There was 70-year-old Zymryte Rexhepi, living with 11 others in a tent beside a disused swimming-pool.
And there was Dashamir Povataj, once an English teacher, sharing a cell with 30 others in an abandoned mental hospital.
The word "lucky" was their own. Such is the measure of the barbarities they endured in Kosovo that life in an Albanian tent, mental hospital, or sports hall is preferable to the dangers they faced under the Serbs. As an option, it did, after all, include the word "life".
After the mystery of no man's land in Macedonia, this is where the refugees have been coming. The numbers are out of date as soon as they are published, but 306,000 Kosovo Albanians are thought to have been given refuge in Albania so far.
Aside from Kukes, on the northern border, where more than 120,000 Kosovars crossed the frontier, Tirana has played host to most of the dispossessed.
The setting is quite surreal. On the northern edges of the the Albanian capital, in the shadow of the Dajti mountains, thousands have been deposited in military tents on the site of three open-air swimming- pools.
Surrounded by grey, post-Stalinesque architecture from the days of Albania's former Maoist dictator Enver Hoxha, they gather several times a day beneath an Olympic diving platform to listen to Contact Radio played through Klaxon speakers.
With the tents, the (empty) pools and the playful screams of children, there is an air here of a muddy holiday camp. But the illusion is shattered when the radio announcer reads out a list, not of the day's events, but of missing people.
In Tent 95 is Vymryte Rexhepi, a bright old woman with a toothless grin. It feels embarrassing to intrude on her space - if sharing a tent with three daughters-in-law and five children can be called that. "This isn't so bad," said Mrs Rexhepi. We have food and we are alive, that is the main thing. Soon the men will come back and, when Nato has driven the Serbs out of Kosovo, we will go and we build our home."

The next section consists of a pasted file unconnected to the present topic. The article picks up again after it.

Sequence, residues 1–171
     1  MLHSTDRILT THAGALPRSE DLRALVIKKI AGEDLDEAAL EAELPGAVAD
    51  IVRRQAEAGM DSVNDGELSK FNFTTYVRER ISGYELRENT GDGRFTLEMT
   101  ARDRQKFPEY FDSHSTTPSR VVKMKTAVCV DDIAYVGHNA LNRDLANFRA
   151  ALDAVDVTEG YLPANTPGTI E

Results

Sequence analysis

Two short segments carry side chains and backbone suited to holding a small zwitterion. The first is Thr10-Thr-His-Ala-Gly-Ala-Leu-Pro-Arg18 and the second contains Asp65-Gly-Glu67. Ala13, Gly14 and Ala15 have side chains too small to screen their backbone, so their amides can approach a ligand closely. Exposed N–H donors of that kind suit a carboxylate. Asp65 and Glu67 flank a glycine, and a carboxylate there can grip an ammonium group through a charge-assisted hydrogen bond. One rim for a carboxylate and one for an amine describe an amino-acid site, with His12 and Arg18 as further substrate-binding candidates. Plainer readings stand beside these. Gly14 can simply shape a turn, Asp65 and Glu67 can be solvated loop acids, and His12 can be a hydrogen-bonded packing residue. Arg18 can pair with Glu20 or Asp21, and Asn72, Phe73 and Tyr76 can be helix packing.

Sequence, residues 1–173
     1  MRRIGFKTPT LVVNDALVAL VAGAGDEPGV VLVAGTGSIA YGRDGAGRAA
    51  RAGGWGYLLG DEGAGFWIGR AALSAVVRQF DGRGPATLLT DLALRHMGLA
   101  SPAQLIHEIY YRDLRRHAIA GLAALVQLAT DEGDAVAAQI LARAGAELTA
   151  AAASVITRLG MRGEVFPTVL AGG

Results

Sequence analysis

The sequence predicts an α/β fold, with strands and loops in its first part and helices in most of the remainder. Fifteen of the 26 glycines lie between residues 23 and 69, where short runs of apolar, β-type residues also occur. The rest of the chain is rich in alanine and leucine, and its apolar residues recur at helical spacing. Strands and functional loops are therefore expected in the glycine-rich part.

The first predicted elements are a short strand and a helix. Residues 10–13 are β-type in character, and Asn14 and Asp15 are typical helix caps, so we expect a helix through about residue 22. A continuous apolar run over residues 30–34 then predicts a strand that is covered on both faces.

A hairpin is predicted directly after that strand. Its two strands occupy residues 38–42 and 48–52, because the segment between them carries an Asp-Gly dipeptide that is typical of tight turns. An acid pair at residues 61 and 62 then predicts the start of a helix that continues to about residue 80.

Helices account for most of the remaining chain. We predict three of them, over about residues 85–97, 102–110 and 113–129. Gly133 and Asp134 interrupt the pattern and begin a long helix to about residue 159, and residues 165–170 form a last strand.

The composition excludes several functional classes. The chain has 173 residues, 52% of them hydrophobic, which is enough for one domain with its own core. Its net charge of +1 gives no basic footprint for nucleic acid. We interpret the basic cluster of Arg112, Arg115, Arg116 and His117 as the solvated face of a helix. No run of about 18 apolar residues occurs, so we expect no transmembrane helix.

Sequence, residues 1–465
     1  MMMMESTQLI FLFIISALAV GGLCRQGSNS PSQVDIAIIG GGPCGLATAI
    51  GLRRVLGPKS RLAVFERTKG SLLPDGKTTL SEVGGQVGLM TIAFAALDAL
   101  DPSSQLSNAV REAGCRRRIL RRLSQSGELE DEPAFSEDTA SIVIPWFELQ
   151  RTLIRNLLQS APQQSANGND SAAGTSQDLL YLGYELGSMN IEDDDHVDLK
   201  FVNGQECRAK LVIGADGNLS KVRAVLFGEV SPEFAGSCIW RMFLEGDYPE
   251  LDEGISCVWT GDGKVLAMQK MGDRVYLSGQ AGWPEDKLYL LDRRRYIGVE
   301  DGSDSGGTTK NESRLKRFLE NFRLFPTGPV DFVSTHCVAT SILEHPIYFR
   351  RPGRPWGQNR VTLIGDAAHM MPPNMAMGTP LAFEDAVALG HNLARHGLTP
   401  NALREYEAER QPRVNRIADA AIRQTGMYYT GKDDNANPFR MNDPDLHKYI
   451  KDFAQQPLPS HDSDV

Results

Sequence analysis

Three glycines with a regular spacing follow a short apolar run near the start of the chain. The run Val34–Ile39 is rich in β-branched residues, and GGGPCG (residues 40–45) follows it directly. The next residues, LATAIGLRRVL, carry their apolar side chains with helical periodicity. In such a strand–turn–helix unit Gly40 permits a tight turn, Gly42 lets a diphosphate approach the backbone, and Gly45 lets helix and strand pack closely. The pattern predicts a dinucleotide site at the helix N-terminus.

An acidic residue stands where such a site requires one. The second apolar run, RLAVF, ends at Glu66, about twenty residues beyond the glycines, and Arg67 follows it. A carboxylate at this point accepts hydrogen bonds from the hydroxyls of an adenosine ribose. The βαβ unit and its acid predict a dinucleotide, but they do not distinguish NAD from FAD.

It was a common theme among the refugees. Everyone wanted to go home as soon as possible. And there were no complaints.
"Life is sweet," said Dashamir Povataj, 36, a school teacher from the Decani region. He saw his home torched and, while escaping said he witnessed the massacre of 70 men from the neighbouring village of Lybenic.
Now he, his wife and their six children live with 22 others in a cell in a disused mental hospital - or will do, as soon as his wife and two of the children, in the city hospital, recover from hypothermia .
"The main thing is that we are alive," he said. "We don't want to stay here long. Most of us have seen our homes destroyed but we believe, with foreign help, we can rebuild our towns once the Serbs are gone. It will take time but we can do it."
The refugees are camped cheek by jowl on mattresses in municipal buildings. They eat mainly bread and pasta and beans. In the Pallate Di Sportit, a basket-ball stadium named after a national sporting hero, Asllan Rusi, up to 1,800 people have been passing through each night.
When the time comes to sleep, most of them sit down with their blankets on wooden spectator seats and try to close their eyes, sitting bolt upright.
Some Albanian families have taken in refugees, usually friends or relatives. Others, who have taken in complete strangers, are in the minority, usually wealthy people, because Kosovo families tend to be extended - take in one and you end up taking 15.
Albania has responded magnificently to the crisis but the novelty of being the kindest nation on earth will soon wear off. There has traditionally been a degree of envy among Albanians of Kosovars, who enjoyed a higher standard of living in Yugoslavia.
It remains to be seen how welcoming they will be if forced to endure the burden for any length of time.
"There is a general consensus among Western governments that a country as poor as Albania should not have to carry this burden alone," said Heather Hill, spokeswoman for the United Nation's World Food Programme.
"We made an appeal to governments for enough money to feed 650,000 people for three months - that's $24m (pounds 15m) - and we got it immediately.
"But if the situation were to last longer, if the people were not able to go home, then money would have to be made available to improve the infrastructure of the country."
The arguments meant nothing to another refugee, Sali Cikha.
He, his wife, Shemie, and their nine children were lying with hundreds of others on camp-beds underneath the vast barrelled ceiling of a derelict volley-ball hall.
There was green polythene over the broken windows and exposed sides of the hall to keep out the wind and rain, but there were no other comforts. Yet they were all laughing and playing. "I am a baker," said Mr Cikha. "People will always need bread. Soon we will go home again and I will bake bread for my neighbours just like I used to."Reuse content